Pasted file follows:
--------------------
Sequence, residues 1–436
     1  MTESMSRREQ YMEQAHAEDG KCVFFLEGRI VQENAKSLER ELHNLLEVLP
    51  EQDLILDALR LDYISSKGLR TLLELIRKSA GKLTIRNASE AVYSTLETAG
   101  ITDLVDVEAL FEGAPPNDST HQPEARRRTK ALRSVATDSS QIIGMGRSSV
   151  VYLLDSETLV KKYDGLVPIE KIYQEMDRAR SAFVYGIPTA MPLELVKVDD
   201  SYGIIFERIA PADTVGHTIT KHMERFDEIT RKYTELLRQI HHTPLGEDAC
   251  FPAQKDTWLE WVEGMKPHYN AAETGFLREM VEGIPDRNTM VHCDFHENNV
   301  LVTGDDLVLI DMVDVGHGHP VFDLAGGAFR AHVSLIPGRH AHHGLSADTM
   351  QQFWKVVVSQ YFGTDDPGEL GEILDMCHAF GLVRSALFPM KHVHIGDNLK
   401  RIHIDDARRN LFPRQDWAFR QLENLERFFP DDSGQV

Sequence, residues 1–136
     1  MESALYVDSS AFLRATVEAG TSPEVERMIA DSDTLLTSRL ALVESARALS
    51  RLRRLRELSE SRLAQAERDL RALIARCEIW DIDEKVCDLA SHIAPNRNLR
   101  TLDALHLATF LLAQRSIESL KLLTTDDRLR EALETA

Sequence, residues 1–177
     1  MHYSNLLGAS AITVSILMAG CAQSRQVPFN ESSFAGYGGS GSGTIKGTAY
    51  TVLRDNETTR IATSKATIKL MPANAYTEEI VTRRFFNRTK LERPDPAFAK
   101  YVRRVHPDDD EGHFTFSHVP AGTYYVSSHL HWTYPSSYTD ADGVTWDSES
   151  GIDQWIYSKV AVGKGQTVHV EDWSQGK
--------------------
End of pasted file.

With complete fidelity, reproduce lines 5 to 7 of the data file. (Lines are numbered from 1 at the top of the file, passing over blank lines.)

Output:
   151  VYLLDSETLV KKYDGLVPIE KIYQEMDRAR SAFVYGIPTA MPLELVKVDD
   201  SYGIIFERIA PADTVGHTIT KHMERFDEIT RKYTELLRQI HHTPLGEDAC
   251  FPAQKDTWLE WVEGMKPHYN AAETGFLREM VEGIPDRNTM VHCDFHENNV